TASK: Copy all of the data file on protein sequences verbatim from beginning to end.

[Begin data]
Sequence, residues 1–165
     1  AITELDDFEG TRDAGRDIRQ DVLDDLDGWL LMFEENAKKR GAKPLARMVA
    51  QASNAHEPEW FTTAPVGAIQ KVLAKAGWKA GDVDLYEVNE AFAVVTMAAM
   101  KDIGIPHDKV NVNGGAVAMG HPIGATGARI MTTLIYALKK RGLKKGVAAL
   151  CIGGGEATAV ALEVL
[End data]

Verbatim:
Sequence, residues 1–165
     1  AITELDDFEG TRDAGRDIRQ DVLDDLDGWL LMFEENAKKR GAKPLARMVA
    51  QASNAHEPEW FTTAPVGAIQ KVLAKAGWKA GDVDLYEVNE AFAVVTMAAM
   101  KDIGIPHDKV NVNGGAVAMG HPIGATGARI MTTLIYALKK RGLKKGVAAL
   151  CIGGGEATAV ALEVL